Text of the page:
5. Play or craft with newspapers, magazines or pages from old books

6. Have conversations about environmental print

Do this by pointing out relevant signage or by telling your children when you see and respond to signage (e.g. A STOP sign at an intersection, the female sign on a toilet door, or a sales poster at the local supermarket).

7. Make your home a print rich environment

Surround your home with print by labelling parts of your home with signs or labels (e.g. signs on bedroom and bathroom doors or toy drawers), decorating parts of your home with prints, posters and quotes. Your children might even like to make their own signs. You’ll find some inspiration in our posts on book nooks,  writing stations and themed reading corners.

8. Play I Spy or scavenger hunts

Scavenger hunts or games of I Spy can be played to name particular objects (which build vocabulary) or you can help your child build an awareness of print by asking them to hunt for specific environmental print. Try this game of Print Explorers.

Environmental Print Scavenger Hunt Task_ My Little Bookcase

9. Encourage your children to ‘write’ and scribble

Set up invitations for your children to write by supplying them with writing materials. Children don’t need to be able to form letters for this to be a valuable task. When your children have finished ‘writing’, ask them to read or translate their message. This practice will help children to develop an understanding that print carries a message or an instruction. For more information read this post about pretend writing.

10. Write messages for your child

Writing and reading messages to your children (on post-it notes, light boxes, whiteboards or in lunch boxes etc.) will also teach your child that you are using print to convey a message to them (even when you can’t be with them).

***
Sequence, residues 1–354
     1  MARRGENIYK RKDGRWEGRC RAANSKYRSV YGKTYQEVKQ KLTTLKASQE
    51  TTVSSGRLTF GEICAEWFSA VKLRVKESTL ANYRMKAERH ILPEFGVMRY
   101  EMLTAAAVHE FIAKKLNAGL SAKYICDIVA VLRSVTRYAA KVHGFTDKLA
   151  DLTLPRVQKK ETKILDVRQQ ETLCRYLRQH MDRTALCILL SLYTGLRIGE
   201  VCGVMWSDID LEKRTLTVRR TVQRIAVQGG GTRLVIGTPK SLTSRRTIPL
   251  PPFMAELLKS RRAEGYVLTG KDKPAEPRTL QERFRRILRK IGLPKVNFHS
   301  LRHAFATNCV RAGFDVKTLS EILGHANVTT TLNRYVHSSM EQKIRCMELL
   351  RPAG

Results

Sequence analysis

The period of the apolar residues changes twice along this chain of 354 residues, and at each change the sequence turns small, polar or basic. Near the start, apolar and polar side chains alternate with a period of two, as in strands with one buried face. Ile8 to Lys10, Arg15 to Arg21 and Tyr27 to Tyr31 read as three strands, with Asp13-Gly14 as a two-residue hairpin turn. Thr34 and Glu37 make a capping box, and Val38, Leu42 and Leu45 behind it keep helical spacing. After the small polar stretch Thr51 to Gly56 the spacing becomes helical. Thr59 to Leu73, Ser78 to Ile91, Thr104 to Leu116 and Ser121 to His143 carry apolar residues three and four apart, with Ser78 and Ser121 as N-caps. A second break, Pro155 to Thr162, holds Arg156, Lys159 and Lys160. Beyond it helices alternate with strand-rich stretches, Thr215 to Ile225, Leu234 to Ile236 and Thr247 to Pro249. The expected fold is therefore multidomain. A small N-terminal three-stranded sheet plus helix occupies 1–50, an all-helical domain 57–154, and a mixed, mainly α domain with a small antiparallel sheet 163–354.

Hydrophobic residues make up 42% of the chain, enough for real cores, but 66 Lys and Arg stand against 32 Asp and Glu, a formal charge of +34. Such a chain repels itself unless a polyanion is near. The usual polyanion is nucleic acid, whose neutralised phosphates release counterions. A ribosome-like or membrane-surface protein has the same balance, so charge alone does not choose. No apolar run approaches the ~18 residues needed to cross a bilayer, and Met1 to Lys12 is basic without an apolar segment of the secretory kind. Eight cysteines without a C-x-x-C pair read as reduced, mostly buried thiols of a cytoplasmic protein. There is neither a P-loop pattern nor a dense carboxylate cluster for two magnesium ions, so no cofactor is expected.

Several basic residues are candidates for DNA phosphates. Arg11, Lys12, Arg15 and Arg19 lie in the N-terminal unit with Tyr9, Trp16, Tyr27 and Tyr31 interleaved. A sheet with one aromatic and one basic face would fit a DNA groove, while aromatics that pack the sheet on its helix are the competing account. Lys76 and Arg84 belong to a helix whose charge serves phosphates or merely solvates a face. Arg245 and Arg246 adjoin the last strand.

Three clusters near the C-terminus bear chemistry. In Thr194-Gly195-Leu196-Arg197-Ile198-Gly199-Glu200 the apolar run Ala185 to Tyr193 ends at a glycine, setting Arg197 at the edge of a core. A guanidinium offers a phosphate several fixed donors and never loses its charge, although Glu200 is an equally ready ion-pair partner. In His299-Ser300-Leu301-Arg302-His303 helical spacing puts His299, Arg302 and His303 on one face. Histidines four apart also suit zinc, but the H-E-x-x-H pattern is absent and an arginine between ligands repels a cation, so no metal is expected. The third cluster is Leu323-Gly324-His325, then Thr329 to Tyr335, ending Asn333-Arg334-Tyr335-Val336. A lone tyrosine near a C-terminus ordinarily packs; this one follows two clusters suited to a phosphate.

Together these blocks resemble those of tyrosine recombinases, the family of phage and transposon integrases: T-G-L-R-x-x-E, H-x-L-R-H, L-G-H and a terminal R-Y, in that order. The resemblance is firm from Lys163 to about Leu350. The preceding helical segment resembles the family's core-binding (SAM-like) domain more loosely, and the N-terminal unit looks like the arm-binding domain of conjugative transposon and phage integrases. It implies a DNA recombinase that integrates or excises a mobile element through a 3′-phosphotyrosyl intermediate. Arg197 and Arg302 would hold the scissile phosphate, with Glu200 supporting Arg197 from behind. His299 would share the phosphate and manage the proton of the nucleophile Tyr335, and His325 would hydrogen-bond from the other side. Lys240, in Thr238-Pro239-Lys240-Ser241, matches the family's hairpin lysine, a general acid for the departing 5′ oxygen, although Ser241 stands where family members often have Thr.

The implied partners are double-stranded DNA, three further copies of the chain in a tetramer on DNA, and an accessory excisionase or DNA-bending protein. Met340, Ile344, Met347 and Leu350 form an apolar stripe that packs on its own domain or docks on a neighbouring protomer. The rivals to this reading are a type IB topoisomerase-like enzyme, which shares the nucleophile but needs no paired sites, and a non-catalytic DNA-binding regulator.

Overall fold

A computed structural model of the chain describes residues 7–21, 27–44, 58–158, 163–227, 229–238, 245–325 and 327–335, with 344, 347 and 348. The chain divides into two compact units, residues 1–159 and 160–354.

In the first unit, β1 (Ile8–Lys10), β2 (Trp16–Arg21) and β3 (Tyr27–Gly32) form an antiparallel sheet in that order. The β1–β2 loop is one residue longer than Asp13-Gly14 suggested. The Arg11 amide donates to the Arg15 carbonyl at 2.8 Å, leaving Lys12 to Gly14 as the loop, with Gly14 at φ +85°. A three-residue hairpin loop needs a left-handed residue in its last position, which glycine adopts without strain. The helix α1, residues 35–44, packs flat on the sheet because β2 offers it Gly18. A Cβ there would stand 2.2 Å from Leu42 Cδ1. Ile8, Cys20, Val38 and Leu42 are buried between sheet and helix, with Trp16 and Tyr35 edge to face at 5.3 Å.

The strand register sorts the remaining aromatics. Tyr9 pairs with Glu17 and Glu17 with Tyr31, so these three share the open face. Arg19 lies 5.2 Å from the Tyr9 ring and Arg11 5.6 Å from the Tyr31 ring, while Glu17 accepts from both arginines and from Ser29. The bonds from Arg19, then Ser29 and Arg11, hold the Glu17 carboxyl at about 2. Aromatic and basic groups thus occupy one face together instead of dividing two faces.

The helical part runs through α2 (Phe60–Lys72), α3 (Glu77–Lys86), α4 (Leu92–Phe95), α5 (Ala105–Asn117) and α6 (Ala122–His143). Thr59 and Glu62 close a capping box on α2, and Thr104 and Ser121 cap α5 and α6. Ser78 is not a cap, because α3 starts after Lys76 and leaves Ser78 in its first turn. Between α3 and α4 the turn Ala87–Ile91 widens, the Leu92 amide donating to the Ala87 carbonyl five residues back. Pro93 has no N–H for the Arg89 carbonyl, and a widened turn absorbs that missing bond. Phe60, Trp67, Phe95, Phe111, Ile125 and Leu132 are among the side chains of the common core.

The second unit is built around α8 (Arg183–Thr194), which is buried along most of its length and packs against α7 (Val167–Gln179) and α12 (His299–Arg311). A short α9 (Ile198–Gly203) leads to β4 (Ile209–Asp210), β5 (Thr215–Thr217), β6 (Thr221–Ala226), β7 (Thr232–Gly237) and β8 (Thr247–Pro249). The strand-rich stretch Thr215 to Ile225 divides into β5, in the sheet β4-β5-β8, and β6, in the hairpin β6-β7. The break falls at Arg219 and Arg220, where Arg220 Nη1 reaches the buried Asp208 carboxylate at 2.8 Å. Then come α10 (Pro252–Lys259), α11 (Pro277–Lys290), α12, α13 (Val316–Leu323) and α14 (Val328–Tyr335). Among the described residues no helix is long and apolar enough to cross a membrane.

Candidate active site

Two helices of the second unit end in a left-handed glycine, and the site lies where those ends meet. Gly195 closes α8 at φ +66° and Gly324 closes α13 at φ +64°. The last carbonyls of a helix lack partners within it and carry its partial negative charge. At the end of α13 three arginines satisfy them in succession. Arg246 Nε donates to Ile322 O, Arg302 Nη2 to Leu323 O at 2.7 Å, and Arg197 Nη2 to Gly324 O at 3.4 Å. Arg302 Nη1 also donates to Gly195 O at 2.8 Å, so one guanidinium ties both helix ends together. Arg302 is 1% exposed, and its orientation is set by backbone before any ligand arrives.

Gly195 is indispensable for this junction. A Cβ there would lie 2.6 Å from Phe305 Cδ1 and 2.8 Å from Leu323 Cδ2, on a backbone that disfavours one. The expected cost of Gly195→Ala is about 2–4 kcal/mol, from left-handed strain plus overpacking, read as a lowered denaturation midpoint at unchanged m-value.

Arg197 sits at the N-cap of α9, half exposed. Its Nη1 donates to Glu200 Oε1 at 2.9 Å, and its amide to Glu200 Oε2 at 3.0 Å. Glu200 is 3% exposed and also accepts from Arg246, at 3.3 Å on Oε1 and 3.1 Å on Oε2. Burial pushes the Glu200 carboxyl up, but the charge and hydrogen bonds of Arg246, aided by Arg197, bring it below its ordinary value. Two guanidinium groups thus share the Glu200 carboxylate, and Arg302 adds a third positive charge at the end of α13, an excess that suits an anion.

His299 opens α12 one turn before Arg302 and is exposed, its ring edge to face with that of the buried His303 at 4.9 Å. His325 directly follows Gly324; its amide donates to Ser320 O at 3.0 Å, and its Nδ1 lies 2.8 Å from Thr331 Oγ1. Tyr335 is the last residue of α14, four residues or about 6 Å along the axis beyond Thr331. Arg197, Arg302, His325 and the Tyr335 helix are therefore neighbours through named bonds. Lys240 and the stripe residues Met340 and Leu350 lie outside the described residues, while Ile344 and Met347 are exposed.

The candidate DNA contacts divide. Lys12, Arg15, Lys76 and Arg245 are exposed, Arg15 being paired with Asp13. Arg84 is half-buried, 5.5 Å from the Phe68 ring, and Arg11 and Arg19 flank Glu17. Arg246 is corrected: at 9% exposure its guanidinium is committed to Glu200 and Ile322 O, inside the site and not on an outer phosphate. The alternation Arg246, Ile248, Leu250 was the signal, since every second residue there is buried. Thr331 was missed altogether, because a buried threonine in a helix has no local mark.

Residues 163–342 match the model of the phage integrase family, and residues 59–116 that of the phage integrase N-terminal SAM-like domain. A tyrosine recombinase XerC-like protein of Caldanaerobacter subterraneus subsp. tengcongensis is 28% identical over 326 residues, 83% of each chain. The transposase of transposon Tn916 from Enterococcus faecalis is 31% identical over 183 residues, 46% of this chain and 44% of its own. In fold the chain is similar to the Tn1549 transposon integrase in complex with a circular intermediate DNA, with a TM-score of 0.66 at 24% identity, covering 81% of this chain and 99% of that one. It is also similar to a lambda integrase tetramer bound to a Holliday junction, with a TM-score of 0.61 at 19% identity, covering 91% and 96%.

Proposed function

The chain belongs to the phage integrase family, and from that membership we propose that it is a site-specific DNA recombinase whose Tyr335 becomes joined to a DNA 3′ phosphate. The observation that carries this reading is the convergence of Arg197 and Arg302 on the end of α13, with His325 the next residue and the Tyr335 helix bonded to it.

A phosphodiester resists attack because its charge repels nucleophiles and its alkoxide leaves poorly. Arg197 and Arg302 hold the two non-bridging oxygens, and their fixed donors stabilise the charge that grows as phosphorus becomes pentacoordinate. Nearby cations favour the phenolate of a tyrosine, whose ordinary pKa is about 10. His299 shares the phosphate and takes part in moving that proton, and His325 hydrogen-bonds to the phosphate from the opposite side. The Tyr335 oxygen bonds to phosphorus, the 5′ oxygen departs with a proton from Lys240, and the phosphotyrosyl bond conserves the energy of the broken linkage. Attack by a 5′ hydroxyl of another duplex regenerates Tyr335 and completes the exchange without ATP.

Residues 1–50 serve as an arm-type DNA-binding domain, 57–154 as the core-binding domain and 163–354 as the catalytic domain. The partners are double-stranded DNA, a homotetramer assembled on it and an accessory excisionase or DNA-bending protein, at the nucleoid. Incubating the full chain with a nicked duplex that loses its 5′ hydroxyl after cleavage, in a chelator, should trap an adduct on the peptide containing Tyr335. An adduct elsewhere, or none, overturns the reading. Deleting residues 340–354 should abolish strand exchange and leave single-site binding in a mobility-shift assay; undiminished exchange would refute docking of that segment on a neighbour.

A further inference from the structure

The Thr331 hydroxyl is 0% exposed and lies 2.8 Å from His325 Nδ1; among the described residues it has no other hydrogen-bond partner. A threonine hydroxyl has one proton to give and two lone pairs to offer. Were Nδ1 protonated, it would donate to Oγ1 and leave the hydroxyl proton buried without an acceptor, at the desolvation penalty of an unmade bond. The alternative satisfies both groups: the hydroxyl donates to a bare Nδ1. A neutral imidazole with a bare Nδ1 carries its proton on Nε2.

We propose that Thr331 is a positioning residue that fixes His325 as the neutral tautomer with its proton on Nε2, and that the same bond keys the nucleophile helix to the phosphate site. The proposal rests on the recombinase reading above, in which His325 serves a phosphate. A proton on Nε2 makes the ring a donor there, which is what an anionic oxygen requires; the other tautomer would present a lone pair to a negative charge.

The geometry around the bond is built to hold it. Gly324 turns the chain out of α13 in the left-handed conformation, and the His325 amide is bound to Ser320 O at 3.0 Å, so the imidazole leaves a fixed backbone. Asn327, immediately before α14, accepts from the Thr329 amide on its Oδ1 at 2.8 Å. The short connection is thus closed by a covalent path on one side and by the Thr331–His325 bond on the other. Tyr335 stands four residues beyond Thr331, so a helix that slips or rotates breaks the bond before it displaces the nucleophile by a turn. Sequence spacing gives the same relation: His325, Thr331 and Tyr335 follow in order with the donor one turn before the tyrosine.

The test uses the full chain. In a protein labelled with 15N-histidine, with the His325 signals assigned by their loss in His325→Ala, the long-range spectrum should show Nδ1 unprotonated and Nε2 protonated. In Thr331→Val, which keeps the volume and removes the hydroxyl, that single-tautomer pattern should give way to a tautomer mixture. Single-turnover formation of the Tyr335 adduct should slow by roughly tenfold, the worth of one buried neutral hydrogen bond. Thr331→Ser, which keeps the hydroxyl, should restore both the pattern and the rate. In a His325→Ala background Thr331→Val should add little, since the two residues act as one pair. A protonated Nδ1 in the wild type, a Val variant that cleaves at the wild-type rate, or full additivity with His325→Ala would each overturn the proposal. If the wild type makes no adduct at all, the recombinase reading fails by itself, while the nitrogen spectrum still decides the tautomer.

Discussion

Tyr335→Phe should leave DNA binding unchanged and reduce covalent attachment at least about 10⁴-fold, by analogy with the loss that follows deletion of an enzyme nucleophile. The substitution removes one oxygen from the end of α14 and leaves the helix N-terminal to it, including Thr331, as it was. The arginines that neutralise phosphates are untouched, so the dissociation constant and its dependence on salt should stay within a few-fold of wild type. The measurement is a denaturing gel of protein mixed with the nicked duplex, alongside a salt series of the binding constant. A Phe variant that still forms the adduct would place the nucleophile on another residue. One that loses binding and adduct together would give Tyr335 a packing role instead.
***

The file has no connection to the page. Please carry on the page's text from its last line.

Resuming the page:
11. Start a journal or diary

Help your child to start a journal or diary. It could be a general diary or one for recording a specific event (e.g. first year of school, a holiday or a favourite recipe collection).  Translate your child’s thoughts into the diary or journal, and re-read them back to your child. Again, this project will teach your child that their ideas are being recorded by using print.

12. Involve your child in grocery shopping

Ask your child to help you write a shopping list (you can add pictures as symbols or cut and paste photos from supermarket catalogues). At the shops, ask your child to help you search for items on the shelf (They might match pictures/photos from the list with items on the shelf or they might start to recognise logos and branding)

Print Awareness Shopping_ My Little Bookcase

13. Involve your child in cooking

This will help your child to understand that the print in cookbooks provide instructions. Alternatively, you could invite your child to play with cookbooks. We have compiled a list of beautiful children’s cookbooks.

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This post is supported by Child.com.au and may contain links to the online store.

Like this post? Stay connected:

Be sure to join one of our communities for more literacy-based inspiration, or subscribe to our mailing list so you don’t miss out on future posts.

About Jackie Small of My Little Bookcase